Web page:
Ivan is even more humble about his stature at the highest echelon of modern music. He has performed and recorded with the Rolling Stones, Bonnie Raitt, Don Henley, Robbie Robertson, Ani DeFranco and the Spin Doctors, among many others. He’s a charter member of Keith Richards’ X-Pensive Winos. He’s a founding member of the New Orleans Social Club and the group Neville Jacobs, in partnership with the songwriter Cris Jacobs.
And he plays a vital role in preserving New Orleans’s musical culture. When Dumpstaphunk joined Trombone Shorty’s national Threauxdown Tour last year, he saw how audiences were affected by the otherworldly magic of a sound that could only come from New Orleans.
“I saw my own place in the conversation about our musical and cultural heritage and history,” he says. “And, I got to see my role in the evolution of the music of New Orleans. The crowds may not have seen the Neville Brothers back in the day, most of the audiences were too young for that. But spiritually speaking, these were the Brothers’ children and that makes me appreciate what Dumpsta does even more. You become an elder, a teacher, by example.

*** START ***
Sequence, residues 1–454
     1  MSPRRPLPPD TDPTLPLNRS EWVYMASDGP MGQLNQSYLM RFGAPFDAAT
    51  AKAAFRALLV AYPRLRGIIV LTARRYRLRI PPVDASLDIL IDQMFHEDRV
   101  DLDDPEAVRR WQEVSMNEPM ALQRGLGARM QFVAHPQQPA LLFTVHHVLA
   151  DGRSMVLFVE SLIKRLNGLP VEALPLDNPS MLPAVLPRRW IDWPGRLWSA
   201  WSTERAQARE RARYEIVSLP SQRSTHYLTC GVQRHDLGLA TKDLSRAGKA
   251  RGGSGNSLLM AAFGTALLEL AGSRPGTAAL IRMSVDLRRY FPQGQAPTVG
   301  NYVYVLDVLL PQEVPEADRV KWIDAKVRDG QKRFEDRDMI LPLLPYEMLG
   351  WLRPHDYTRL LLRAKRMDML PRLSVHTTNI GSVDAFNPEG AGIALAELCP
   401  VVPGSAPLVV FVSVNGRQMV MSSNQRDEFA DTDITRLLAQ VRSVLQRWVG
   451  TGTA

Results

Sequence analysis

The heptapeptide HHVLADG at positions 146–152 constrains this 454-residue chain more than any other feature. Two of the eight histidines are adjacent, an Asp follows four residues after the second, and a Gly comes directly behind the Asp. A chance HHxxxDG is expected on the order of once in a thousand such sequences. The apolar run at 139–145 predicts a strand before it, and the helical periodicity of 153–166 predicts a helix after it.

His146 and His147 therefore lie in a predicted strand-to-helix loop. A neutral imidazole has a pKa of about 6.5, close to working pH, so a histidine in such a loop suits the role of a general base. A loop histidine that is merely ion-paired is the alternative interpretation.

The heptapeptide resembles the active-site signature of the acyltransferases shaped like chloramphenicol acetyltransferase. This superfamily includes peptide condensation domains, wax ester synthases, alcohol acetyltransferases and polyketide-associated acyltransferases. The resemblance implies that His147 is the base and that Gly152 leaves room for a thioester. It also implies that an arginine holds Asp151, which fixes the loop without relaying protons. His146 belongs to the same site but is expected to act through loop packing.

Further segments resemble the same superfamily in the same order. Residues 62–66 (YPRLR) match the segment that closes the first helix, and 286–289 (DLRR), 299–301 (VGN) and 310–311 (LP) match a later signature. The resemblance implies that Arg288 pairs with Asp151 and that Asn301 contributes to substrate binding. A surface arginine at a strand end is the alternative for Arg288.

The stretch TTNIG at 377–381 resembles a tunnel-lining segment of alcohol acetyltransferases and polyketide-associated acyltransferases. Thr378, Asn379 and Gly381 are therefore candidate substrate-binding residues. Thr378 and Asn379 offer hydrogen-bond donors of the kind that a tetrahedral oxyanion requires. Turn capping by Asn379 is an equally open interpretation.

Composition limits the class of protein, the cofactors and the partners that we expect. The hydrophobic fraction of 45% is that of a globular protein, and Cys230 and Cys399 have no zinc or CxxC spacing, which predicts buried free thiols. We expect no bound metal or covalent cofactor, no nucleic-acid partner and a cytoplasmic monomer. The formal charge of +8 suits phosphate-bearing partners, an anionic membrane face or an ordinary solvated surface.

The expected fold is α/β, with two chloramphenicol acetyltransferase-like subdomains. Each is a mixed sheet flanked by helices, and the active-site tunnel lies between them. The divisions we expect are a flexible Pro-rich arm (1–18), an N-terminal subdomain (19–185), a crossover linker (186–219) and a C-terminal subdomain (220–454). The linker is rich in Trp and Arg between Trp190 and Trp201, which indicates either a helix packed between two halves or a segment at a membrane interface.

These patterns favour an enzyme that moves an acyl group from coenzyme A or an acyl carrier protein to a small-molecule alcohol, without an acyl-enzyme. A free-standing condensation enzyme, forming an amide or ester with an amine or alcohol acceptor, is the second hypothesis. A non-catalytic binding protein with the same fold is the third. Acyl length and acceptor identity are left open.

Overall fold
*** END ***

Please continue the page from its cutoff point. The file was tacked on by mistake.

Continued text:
“It’s a beautiful realization,” he adds, “knowing that this is something I’ve earned.”
The writing of Touch My Soul began with another epiphany. “When I was growing up,” Ivan says, “people interacted differently on the street. They acknowledged each other. There was a feeling of connection. Just a nod or a look that said, ‘Where y’at?’”
“Hey (All Together)” brings that feeling back, with vocal contributions from Michael McDonald, Bonnie Raitt, Big Aaron and David Shaw of the Revivalists, and instrumental sparks from Troy Andrews on trombone and violinist Theresa Anderson.
“I wanted familiar voices to bring back a feeling of community,” Ivan explains. “I
figured, if everyone said hello to a stranger, spontaneously but within reason, it might
make the world a better place. It certainly can’t hurt.”
That sense of community-mindedness extends throughout an album that’s alive with the pulse of the Crescent City. The album’s first single, “Greatest Place On Earth” is an authentic slice of street corner soul, a deliriously Mardi Gras-styled salute packed with incisive rhythms, booting horn parts and vocal fireworks.